Originally posted on Fox Sports Houston  |  Last updated 8/1/12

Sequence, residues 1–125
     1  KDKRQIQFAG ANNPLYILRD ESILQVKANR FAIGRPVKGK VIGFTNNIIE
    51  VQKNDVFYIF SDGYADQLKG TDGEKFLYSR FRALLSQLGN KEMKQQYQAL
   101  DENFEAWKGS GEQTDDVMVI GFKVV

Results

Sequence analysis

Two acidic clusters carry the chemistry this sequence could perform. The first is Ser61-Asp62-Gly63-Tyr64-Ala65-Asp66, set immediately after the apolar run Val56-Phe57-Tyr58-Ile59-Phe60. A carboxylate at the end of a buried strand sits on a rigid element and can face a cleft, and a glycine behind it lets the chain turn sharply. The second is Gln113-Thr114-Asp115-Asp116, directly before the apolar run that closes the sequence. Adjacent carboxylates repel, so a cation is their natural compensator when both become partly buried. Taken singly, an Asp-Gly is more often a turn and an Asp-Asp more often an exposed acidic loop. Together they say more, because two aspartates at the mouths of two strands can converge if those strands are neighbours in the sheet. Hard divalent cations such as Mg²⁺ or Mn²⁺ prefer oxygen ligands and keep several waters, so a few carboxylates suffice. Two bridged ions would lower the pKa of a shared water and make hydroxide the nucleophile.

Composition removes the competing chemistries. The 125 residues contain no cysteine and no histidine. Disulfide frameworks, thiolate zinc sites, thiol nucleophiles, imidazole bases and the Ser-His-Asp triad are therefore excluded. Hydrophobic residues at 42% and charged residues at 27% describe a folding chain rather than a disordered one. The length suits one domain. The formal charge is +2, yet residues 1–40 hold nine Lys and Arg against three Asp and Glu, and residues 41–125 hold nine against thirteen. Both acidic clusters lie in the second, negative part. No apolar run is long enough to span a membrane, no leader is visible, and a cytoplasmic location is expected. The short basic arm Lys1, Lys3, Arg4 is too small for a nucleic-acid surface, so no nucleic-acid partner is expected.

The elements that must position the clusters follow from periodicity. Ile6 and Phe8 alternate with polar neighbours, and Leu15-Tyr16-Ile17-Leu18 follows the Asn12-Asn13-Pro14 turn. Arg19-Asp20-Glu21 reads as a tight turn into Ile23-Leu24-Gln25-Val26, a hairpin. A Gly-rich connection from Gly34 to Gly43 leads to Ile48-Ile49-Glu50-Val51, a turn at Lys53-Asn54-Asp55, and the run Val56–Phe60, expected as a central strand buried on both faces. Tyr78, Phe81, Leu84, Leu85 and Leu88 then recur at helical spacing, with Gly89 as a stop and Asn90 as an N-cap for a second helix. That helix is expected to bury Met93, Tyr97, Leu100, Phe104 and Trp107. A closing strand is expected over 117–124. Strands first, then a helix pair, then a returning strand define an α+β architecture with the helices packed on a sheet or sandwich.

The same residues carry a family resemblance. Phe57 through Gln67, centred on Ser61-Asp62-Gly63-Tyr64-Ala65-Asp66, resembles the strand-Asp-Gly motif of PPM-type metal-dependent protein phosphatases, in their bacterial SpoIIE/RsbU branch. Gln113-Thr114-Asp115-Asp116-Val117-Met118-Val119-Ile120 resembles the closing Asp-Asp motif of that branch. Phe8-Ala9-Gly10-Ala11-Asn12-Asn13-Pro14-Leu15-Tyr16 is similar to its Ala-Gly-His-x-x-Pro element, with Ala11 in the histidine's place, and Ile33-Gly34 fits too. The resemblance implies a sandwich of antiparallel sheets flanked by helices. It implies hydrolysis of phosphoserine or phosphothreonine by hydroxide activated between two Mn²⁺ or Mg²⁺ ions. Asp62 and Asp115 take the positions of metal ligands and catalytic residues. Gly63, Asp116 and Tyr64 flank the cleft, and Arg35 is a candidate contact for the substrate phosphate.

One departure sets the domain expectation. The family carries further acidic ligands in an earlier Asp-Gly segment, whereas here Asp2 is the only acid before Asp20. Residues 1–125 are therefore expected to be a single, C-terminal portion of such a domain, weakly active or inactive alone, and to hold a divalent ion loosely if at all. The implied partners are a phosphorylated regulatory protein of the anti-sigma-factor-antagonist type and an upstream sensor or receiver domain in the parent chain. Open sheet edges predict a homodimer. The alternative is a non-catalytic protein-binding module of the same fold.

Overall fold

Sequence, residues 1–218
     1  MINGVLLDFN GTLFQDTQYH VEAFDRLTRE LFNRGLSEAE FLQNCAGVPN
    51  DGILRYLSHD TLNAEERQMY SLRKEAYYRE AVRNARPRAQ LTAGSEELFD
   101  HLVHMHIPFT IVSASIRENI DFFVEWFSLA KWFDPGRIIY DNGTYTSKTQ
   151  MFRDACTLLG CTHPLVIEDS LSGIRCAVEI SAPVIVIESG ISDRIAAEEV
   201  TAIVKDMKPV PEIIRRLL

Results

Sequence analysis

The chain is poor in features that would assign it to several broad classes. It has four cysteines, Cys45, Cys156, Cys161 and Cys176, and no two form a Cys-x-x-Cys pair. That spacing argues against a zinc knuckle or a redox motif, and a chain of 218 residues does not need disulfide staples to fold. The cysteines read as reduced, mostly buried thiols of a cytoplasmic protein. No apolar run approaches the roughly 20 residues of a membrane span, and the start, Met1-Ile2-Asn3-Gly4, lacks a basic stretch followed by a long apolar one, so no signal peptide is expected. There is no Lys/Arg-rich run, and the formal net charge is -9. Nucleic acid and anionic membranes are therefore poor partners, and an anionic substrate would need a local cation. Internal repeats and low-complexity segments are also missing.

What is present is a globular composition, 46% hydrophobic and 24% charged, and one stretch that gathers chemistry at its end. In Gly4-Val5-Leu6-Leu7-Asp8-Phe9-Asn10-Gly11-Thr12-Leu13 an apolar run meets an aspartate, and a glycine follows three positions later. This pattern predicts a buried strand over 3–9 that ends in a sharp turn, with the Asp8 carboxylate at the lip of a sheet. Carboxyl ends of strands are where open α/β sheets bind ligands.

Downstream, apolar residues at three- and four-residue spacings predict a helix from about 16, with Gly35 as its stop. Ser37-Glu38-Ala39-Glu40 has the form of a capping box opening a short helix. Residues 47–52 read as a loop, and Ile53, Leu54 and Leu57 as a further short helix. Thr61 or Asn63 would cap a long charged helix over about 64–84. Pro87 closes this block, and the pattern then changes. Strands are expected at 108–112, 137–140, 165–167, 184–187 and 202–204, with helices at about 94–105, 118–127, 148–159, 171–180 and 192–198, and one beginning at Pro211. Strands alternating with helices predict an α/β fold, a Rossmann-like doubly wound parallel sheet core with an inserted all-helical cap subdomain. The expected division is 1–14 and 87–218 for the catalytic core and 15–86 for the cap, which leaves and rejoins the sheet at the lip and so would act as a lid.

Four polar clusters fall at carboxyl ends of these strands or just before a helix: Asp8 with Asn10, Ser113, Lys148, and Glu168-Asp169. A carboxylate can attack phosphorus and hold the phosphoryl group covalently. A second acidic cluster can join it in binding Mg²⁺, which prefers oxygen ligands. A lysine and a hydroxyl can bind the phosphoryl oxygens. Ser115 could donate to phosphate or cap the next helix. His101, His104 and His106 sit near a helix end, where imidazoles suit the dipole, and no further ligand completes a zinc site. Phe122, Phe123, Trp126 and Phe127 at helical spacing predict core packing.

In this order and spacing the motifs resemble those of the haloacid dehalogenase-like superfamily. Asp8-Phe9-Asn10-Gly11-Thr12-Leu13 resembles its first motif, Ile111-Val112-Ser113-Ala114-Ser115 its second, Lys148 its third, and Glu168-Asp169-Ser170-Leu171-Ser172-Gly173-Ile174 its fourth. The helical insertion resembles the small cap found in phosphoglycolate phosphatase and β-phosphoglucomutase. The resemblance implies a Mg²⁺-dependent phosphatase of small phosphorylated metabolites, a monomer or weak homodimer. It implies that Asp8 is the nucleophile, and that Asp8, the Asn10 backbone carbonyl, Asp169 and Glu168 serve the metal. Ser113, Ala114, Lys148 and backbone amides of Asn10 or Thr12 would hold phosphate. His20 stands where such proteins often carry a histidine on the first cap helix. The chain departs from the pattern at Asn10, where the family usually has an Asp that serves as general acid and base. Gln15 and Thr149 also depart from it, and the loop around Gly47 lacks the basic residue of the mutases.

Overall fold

HOUSTON The sweets have been eliminated and the carbohydrates intake dramatically reduced. In their place are rational rations of proteins and vegetables, staples for anyone considered body conscious. Texans rookie guard Brandon Brooks needed to make dietary adjustments. Texans coach Gary Kubiak called him to the carpet earlier this summer for being overweight, and before the narrative could shift toward questioning Brooks commitment he took the reins on his frame. I told them when they drafted me thanks for the opportunity; at the same time Im trying to do everything to put me in the best position to play, Brooks said. He (Kubiak) gets on my weight, whatever weight it is, had it been 315 (pounds) Id have been there just because I dont want to spoil an opportunity I have based on something that I can control. Despite shedding the extra 15 to 20 pounds he carried during organized team activities (OTAs) Brooks, at 335, remains a difficult man to miss. His size belies his agility, and for several days Brooks has garnered the opportunity to work alongside the offensive linemen projected to start for the Texans this season, a tight-knit unit with three returnees intact. But before Brooks could earn the veterans good graces and before he could showcase his ballyhooed athleticism, he had to display conformity. The process of grasping nuances of the Texans scheme was vital, but Brooks first had to reveal a fundamental adherence to fitness. I think he understood it coming through OTAs, Texans center Chris Myers said. When he came in here at 350 or whatever it was and learning the offense and seeing how explosive and how fast you have to be in the zone scheme, I think he realized that losing 10, 15 pounds may be of interest to him. He came out here for training camp and has it off. And hes been pretty strict with his diet, too, so Ive been pretty impressed with seeing him move around and getting into the offense. That move around distinction is the salient evaluation on Brooks. Before he incurred the wrath of Kubiak for being a large individual, Brooks was considered an odd fit as an interior lineman in the Texans zone-blocking scheme because he was, well, a large individual. Sure he is nimble and wondrously athletic for a man his size, but at 6-foot-5 and 350 pounds, Brooks feet needed to mimic Gregory Hines in order for him to excel as a run blocker for tailbacks Arian Foster and Ben Tate. The innate ability was present; what Kubiak sought to accomplish was to provide Brooks the motivation needed to open training camp poised to challenge for a starting job. The Texans lost right guard Mike Brisiel to free agency (Raiders), and 2010 co-incumbent Antoine Caldwell isnt considered a lock to claim the starting job from this open competition. In order for Brooks to maximize the opportunity at hand, the onus was on him to approach the opening with absolute dedication. Less than a week into camp, the signs of progress are apparent and positive. (Brooks) has the ability, he has big-time ability, but he needs to catch up, Kubiak said. You see flashes of what youre looking for. Turning those flashes of potential into one steady illumination of excellence remains the paramount task for Brooks. He had modest experience in the zone-blocking scheme as a collegian, and his senior season at Miami (OH) included marked improvement in technical savvy. As a complement to playbook study, Brooks is an ardent student of video review on his DVSport app for iPad. Some areas of refinement are under constant scrutiny like head placement and manipulation of his catch hand. The mental checklist is detailed and extensive, but the challenge of learning every step of the way has proven to be exciting. It has been to Brooks benefit that he has been enveloped by a group of linemen with a tight bond. Brisiel and right tackle Eric Winston (Chiefs) were critical components of that unit, but Myers, left tackle Duane Brown and left guard Wade Smith offer knowhow and guidance. Brooks is wise enough to keep his eyes and ears open and seek counseling when the time calls for having questions basic and complex answered. The older guys are more than willing to help me, Brooks said. So I definitely take advantage of that. That kind of helped me speed my game up from OTAs until now to adjust to the playbook a lot better. Those guys are like older brothers to me. Any questions I have on and off the field, especially off the field getting adjusted to the NFL as a rookie Duane Brown, Wade Smith, Caldwell, Myers, (Rashad) Butler, Newt (Derek Newton) - they all help me with any questions I have. Even the layman can recognize Brooks progress. While he remains humble with how far he has come since his arrival earlier this summer, the viability of his challenge to Caldwell continues to gain steam. Once Brooks proved to others his willingness for physical preparedness, the competition to fill the void left by Brisiels loss developed accordingly. It has made me go 120 percent every time because I do have an opportunity, Brooks said. Competition makes everybody better so whether I start or not, I know Im going to get the best because Im right on Caldwells heels, hes right on my heels each and every time we go in. Were both trying to start so that means were both trying to give 120 percent. That only makes us both better. Follow me on Twitter at moisekapenda
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